Gilmore Girls has held a special place in my life since the mid-December Wednesday evening I sat down to watch the pilot with my mum and sister when it aired in Australia in 2001. I was twelve-years-old and heading into my last summer before starting high school. Gilmore Girls gently helped usher me into this next step towards adulthood, popping up weekly throughout my first term of Grade 8 and the years beyond and showing me that a grown up world could still be filled with fun, laughter and books. So many books.
As a voracious young reader, Gilmore Girls had something special that I’d never seen before: a young female character who loved to read. It wasn’t an ugly duckling story, no, Rory had plenty of boys vying for her attention at the school dance, and she wasn’t a nerdy sidekick. Rory was a book-loving protagonist lauded for being clever and serious, sincere and sweet. She provided a scarce role model for girls my age, proving that a girl could be both studious and fun, passionate and pretty.
I’ve never taken on the Rory Gilmore Reading Challenge, the task daunts even the most dedicated of readers. Independently I’ve read 49 of the 339 books Rory was shown or mentioned to be reading throughout the seven seasons. While I’m not too concerned with working through the entire list myself (though it makes a great companion at the library when choosing what to borrow) I have been wondering what Rory Gilmore would have made of the literature of the past decade.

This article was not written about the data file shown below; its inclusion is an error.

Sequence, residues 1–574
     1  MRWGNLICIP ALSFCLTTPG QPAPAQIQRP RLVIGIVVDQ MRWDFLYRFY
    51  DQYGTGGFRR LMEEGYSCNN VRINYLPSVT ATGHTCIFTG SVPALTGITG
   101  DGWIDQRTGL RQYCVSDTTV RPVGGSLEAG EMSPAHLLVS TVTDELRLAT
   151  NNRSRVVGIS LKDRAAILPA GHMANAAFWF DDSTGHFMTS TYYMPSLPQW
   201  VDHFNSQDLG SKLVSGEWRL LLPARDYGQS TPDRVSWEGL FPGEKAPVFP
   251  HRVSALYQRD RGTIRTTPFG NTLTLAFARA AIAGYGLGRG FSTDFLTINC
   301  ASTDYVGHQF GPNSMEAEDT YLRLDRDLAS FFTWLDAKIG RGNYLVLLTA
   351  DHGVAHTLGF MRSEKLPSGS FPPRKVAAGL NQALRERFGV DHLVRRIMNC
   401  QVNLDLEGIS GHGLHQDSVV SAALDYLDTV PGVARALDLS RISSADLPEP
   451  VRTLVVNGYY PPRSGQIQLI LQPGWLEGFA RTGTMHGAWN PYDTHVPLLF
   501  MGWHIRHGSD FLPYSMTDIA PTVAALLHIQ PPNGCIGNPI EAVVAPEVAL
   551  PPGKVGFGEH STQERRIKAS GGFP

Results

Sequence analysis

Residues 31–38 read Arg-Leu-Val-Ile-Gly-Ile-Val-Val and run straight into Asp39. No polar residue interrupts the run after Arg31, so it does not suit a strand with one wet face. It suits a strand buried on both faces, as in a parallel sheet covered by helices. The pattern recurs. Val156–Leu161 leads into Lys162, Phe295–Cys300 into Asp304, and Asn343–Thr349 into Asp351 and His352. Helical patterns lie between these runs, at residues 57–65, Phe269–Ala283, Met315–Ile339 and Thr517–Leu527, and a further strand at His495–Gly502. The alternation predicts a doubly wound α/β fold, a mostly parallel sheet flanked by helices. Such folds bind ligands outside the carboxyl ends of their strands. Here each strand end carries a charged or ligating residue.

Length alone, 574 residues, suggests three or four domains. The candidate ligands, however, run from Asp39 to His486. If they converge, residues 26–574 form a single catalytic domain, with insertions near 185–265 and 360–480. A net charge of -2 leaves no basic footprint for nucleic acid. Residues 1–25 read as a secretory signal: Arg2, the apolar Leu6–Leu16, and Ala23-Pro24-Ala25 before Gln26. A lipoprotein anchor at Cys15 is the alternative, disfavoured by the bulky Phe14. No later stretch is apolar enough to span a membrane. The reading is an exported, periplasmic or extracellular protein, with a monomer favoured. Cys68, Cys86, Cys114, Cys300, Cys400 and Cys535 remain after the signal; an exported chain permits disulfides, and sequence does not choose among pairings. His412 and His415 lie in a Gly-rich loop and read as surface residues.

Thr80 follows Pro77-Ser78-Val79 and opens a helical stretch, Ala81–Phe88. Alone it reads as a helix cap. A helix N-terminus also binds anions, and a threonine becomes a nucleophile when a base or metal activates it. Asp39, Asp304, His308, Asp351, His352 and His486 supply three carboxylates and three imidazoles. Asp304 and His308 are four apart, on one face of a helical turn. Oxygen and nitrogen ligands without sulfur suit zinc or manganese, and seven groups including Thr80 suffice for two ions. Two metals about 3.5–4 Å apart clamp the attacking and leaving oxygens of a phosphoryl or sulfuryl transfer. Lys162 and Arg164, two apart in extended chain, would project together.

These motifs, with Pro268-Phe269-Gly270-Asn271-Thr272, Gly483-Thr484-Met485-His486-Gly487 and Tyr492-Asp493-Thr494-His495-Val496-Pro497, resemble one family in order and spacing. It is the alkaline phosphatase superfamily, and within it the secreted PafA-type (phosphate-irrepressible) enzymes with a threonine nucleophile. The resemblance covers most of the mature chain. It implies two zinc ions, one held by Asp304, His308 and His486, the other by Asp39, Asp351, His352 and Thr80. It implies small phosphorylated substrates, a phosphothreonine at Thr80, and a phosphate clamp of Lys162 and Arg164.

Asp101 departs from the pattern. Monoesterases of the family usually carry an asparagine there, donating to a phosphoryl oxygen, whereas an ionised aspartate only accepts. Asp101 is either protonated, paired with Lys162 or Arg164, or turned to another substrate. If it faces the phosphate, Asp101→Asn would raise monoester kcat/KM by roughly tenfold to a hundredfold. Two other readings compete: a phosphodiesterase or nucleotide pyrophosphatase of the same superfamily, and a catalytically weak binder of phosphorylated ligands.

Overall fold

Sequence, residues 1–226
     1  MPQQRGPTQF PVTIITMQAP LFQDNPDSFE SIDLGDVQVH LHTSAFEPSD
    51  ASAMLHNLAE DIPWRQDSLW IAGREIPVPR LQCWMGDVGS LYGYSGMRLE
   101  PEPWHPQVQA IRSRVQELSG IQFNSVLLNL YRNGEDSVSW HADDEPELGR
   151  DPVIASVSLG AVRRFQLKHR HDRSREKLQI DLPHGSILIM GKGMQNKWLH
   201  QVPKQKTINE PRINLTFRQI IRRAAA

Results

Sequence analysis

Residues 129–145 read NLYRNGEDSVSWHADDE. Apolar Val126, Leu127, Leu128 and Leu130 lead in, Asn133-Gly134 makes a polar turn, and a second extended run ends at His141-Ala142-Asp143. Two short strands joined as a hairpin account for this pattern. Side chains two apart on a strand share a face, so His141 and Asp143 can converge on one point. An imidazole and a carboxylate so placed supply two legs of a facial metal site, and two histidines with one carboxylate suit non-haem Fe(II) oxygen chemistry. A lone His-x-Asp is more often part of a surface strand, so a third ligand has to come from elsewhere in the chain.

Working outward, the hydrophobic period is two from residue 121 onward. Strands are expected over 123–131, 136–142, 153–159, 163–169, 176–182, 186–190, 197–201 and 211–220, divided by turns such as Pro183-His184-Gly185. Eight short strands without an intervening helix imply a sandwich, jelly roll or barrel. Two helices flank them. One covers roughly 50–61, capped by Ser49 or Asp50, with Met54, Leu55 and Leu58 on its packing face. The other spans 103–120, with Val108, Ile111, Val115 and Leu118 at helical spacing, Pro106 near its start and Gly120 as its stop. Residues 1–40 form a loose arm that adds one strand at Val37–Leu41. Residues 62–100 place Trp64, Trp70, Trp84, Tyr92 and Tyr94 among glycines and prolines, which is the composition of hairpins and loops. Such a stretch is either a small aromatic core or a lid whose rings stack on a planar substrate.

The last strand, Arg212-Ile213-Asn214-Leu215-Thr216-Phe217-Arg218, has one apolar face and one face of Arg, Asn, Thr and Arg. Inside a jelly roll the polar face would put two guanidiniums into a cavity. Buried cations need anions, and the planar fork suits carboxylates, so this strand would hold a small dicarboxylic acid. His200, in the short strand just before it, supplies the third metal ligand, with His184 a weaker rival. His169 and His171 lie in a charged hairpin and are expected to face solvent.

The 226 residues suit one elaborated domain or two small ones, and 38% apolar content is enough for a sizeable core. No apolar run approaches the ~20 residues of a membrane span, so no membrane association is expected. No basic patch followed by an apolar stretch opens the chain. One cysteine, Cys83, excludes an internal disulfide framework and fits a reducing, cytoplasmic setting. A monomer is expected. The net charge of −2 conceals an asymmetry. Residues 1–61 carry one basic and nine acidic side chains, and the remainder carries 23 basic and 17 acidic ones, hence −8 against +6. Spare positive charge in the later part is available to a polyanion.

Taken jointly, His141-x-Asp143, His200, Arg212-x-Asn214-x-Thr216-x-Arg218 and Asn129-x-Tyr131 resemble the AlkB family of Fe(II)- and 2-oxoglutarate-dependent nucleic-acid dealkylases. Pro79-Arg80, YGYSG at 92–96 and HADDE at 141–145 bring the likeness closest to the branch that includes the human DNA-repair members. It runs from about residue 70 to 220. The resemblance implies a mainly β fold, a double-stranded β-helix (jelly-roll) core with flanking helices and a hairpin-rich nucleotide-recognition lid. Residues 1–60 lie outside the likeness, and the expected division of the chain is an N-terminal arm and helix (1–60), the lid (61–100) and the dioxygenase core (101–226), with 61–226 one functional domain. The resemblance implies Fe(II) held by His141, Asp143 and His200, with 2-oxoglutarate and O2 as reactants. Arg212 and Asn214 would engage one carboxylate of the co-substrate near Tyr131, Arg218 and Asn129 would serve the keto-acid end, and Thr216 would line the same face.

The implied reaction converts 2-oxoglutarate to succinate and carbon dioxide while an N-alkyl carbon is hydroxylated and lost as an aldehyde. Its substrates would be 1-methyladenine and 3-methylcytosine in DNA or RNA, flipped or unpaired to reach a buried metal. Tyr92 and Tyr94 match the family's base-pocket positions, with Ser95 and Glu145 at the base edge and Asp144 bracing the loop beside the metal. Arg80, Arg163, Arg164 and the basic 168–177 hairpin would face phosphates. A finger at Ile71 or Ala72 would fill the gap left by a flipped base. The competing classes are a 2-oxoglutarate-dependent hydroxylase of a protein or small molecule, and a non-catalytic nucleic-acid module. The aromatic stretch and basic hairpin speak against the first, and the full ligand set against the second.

What hundreds of books would have been added to her list in that time? Certainly Obama’s memoirs, and perhaps now Trump’s. Would she have read the fiction of Anna North, Meg Wolitzer, Chad Harbach and Jesse Ball, these real writers who would have been her contemporaries?
Being that I work so much with Queensland and Australian writers, I wonder which of our nation’s voices she would have taken in. Would she have found Charlotte Wood, Ellen van Neerven and Maxine Beneba Clarke? I hope so.
Where would she land on the ethical dilemmas of reading Go Set a Watchman or the uncovering of Ferrante’s identity? Would she have come back to YA as so many of us have, shedding tears at The Fault in Our Stars, journeying through space in Illuminae, falling hard for the liars in We Were Liars?
While these many questions won’t all be answered, I’m excited to dip back into the world of Gilmore Girls tomorrow, to get just a hint at what Rory’s been reading and a refresher in smart, sassy women characters. To see how many books can be added to that list over six hours of television.